BirdBot gets a walk-up start

The mad scientist brigade has taken inspiration from the emu in their quest for high-efficiency robotics. What could possibly go wrong?

Clearly, they’ve never met one.

Admittedly, it wasn’t just the emu they were thinking about. Instead, it was the amazingly efficient balance and movement of birds’ legs in general. It just so happens that emus – and ostriches – represent the pinnacle of this evolutionary achievement.

Their legs are backwards. Their knees bend in the opposite direction to ours. And, as their lower leg swings forward, their foot flops down. Turns out, it’s a technique that’s far more mechanically efficient than our own. Naturally, it’s a lesson we’ve learnt the hard way.

Dozens of bipedal robot designs continue to teeter about testing sites after decades of research. Their heavy metal bodies are studded with motors, actuators and gears. Software algorithms are still struggling to coordinate everything for basics such as balance and motion.

But the Max Planck Institute for Intelligent Systems and the University of California, Irvine believe that approach is bird-brained.

Instead, they’ve shown their bird-leg inspired robotic mobility system is 300 times more energy efficient. And far easier to balance.

Instead of cramming every joint with motors, they’ve applied a network of artificial muscles and springs extending from the hip through bird-like joints to a simple spring-loaded foot. The ‘muscles’ are primed when the leg is pressed into the ground and placed under load. They release their mechanical spring energy as the leg straightens to move forward.

Only two motors are needed per leg. One is in the hips to get the legs swinging. The other is in the knee to lift the leg. The rest of the walking action is purely the result of the leg’s shape combined with the tendon-like effect of cables and pulleys.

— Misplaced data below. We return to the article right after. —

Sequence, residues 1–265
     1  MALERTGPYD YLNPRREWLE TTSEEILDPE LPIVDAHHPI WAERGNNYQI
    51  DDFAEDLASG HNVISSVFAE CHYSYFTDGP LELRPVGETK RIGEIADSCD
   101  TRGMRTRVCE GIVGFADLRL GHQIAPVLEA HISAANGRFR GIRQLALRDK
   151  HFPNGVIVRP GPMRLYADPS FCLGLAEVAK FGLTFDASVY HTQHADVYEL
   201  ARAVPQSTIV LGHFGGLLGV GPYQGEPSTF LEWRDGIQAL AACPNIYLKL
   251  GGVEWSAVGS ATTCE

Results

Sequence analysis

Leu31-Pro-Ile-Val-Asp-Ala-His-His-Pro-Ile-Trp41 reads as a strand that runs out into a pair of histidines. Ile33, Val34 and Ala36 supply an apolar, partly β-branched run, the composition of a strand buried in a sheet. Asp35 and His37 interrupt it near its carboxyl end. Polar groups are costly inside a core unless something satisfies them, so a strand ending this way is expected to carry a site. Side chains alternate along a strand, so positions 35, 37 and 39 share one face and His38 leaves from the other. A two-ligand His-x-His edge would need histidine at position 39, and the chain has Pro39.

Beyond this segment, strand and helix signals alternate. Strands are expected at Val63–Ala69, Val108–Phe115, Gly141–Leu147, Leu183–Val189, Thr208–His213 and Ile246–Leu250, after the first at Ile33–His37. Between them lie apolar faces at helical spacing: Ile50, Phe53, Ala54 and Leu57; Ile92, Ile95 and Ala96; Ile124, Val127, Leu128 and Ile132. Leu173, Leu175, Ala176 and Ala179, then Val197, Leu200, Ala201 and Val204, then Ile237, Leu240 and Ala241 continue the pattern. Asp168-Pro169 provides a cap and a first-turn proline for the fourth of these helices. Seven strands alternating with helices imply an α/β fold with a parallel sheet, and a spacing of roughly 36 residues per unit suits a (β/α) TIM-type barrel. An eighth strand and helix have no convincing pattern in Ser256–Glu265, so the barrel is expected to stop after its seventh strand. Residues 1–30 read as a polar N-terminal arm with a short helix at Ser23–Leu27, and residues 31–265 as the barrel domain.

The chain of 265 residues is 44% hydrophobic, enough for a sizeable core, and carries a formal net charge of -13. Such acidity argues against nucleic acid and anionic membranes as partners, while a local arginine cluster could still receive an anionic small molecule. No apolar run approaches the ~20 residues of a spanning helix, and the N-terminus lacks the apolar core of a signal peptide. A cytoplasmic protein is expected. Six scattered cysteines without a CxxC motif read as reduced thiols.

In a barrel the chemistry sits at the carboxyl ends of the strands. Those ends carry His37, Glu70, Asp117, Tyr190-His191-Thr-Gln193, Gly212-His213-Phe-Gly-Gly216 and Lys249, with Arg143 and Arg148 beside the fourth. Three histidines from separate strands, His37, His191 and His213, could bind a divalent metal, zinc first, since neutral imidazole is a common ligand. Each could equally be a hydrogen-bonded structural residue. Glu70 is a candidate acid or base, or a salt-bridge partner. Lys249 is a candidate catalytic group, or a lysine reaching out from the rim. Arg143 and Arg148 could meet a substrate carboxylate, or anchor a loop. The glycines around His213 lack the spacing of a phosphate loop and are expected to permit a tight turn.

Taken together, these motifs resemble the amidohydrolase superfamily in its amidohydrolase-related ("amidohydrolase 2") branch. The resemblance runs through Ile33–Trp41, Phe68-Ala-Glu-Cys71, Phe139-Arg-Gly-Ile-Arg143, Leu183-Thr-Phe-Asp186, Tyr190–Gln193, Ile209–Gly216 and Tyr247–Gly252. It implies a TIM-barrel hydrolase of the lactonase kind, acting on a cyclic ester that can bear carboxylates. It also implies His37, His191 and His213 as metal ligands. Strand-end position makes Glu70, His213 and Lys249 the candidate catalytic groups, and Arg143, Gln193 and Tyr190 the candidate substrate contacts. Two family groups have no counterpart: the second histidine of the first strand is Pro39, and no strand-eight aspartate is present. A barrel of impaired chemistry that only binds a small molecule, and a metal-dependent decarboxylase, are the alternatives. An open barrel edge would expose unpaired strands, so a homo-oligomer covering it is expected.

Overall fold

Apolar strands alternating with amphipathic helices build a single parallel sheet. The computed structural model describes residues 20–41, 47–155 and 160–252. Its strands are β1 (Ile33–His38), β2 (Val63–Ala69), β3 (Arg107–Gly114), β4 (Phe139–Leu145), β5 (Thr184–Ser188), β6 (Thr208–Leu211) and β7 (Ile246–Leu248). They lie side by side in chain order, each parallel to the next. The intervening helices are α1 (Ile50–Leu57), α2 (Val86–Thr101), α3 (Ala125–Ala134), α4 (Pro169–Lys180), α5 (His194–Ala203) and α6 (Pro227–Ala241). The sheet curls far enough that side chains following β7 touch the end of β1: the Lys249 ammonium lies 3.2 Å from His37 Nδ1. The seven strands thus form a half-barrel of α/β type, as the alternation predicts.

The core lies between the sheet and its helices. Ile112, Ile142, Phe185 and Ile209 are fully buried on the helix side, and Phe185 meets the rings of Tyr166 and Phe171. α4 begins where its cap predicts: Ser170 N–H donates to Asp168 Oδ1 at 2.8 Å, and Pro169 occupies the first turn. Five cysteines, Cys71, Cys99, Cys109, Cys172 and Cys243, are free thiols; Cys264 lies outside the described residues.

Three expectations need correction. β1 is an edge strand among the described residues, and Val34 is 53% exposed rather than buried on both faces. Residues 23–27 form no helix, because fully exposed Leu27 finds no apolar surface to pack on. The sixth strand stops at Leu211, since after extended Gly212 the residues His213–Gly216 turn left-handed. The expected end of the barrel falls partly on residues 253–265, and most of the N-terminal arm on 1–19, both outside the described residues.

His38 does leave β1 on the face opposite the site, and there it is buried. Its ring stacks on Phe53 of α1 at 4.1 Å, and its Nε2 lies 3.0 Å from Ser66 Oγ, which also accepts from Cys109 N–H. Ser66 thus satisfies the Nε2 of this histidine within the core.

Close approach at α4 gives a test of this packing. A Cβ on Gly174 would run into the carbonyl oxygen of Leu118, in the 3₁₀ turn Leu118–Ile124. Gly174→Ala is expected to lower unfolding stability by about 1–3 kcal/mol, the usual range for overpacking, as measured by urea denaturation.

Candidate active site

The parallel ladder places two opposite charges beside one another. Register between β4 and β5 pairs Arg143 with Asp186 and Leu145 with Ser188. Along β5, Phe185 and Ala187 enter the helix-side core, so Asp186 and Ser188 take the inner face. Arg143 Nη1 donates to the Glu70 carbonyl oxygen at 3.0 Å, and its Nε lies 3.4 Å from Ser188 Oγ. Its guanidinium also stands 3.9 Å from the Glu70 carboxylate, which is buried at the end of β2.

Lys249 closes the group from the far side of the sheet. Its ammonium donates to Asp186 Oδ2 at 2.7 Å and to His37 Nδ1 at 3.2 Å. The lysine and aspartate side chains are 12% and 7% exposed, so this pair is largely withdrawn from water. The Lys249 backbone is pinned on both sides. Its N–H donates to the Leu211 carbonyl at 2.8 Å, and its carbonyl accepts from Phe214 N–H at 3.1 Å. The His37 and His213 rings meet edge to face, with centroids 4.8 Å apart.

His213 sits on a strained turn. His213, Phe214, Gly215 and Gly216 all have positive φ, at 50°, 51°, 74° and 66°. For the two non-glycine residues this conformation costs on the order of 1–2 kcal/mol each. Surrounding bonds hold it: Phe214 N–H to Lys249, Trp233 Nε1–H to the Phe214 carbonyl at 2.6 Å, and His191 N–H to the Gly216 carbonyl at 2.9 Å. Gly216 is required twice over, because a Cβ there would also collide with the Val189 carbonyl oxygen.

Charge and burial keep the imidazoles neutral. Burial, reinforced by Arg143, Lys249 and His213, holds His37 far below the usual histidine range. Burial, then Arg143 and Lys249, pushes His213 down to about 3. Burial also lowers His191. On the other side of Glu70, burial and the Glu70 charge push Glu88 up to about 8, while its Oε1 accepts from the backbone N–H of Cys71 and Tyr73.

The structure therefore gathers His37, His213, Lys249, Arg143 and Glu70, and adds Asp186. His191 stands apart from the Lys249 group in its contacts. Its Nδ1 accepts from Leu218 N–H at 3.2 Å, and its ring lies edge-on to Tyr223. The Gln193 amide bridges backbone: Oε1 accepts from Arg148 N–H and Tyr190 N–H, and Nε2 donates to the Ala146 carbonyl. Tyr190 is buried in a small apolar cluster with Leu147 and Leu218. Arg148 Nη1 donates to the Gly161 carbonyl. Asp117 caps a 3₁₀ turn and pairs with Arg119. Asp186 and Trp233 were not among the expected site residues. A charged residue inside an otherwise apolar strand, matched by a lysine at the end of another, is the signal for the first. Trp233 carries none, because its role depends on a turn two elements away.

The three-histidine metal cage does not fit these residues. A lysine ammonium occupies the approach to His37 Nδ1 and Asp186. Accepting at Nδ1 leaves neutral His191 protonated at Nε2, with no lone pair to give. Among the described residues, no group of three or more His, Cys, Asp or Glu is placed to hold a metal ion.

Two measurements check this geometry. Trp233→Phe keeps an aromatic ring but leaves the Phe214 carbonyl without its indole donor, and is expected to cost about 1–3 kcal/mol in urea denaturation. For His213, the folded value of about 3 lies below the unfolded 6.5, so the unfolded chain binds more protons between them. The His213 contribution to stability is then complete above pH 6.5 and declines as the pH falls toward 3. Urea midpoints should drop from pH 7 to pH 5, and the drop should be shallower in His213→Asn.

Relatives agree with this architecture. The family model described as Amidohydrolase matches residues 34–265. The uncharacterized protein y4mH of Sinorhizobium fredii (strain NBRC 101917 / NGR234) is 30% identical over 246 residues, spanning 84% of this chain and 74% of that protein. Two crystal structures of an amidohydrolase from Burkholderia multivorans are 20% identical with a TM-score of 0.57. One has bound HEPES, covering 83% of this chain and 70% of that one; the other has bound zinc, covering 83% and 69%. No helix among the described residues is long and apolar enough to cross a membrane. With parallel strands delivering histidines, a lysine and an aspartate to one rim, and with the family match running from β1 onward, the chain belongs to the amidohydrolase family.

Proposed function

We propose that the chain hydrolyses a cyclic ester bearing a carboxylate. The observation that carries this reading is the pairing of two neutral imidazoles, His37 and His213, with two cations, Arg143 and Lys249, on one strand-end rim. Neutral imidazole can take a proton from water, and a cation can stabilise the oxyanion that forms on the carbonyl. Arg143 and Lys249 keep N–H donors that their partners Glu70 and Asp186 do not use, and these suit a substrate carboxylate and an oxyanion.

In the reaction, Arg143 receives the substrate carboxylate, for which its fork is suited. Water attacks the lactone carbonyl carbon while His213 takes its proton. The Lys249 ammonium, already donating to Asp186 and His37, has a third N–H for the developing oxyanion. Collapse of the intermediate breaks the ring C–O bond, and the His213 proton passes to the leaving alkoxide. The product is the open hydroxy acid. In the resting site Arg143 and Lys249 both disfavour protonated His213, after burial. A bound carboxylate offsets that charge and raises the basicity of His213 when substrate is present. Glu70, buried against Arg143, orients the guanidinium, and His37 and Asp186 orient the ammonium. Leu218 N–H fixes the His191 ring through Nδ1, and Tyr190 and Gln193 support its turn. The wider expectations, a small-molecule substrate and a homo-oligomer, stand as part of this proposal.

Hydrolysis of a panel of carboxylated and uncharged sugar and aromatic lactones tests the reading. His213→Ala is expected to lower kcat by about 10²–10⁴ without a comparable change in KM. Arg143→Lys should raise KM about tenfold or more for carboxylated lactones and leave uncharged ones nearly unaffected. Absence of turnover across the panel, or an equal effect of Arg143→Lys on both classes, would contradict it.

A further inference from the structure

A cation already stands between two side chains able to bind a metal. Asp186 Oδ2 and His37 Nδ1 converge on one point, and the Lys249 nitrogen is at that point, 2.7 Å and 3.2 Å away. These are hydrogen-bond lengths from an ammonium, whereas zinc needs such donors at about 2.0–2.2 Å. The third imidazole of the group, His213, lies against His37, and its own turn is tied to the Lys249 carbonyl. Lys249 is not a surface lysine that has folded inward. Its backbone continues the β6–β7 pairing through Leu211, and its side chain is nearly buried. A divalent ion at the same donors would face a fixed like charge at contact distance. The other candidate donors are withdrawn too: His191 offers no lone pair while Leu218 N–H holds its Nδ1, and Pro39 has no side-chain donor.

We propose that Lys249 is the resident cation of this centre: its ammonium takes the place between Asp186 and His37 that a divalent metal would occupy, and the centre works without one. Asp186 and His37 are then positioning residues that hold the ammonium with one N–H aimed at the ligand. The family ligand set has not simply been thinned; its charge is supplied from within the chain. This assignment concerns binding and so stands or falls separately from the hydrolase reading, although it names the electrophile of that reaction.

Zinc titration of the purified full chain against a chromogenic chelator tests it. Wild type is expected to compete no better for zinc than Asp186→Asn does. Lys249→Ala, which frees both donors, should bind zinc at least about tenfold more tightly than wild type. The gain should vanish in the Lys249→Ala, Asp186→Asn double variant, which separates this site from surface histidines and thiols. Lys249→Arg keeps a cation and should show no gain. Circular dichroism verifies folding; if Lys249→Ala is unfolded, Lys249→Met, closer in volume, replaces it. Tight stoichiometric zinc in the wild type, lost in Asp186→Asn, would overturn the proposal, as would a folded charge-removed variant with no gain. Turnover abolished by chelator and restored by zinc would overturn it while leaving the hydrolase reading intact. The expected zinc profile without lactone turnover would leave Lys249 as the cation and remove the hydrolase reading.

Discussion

The system has many benefits, say the researchers, who published their work in Science Robotics.

Not only do the tendons return energy to the system, the natural mechanical motion dramatically reduces the computing power needed to control its movements and balance.

Birdbot leg
Three leg configurations for the static load calculation. Credit: Alexander Badri-Spröwitz et al / Science Robotics

“The structure with its multi-jointed muscle-tendons and its unique foot movement can explain why even heavy, large birds run so quickly, robustly, and energy-efficient,” says study co-author Professor Monica Daley. The bird doesn’t need to think. The leg adjusts mechanically.

Now the research team is thinking about scaling up their robot.

The principle applies “whether it’s on the scale of a Tyrannosaurus Rex or a small quail, or a small or large robotic leg”, says Daley. “Theoretically, metre-high legs can now be implemented to carry robots with the weight of several tons, that walk around with little power input.”

She should know better.

Forget the tyrannosaurs and velociraptors of Jurassic Park. Even the famous AT-ST walking tank of Star Wars doesn’t count.

It was the Great Emu War that long ago taught us the dark side of bird walks. Emus can reach speeds of up to 50 km/h and leap 2m tall fences. They can take migration distances of up to 1000km in their stride, and their powerful talons can tear deep into the flesh of humans and other animals.

Little wonder the emu was behind Australia’s most ignominious battlefield defeat.

In late 1932, soldiers armed with heavy machineguns were sent into the Campion district of Western Australia to confront perhaps 20,000 flightless invaders which were said to be damaging crops

The first assault failed miserably: all attempts to surround the feathered fiends and herd them into fields of fire failed miserably. Following attempts to chase the emus with a machine gun mounted on the back of a truck was equally embarrassing. It couldn’t keep up as the artfully intelligent avians ducked and weaved across the rough terrain.

With egg on its face, the Australian army gave up after just one week. Some 2500 rounds of ammunition had been fired. Thousands of emus had been engaged. Only about 100 had been bagged. “If we had a military division with the bullet-carrying capacity of these birds, it would face any army in the world… They can face machine guns with the invulnerability of tanks,” the operation commander, Major G P W Meredith, later stated.

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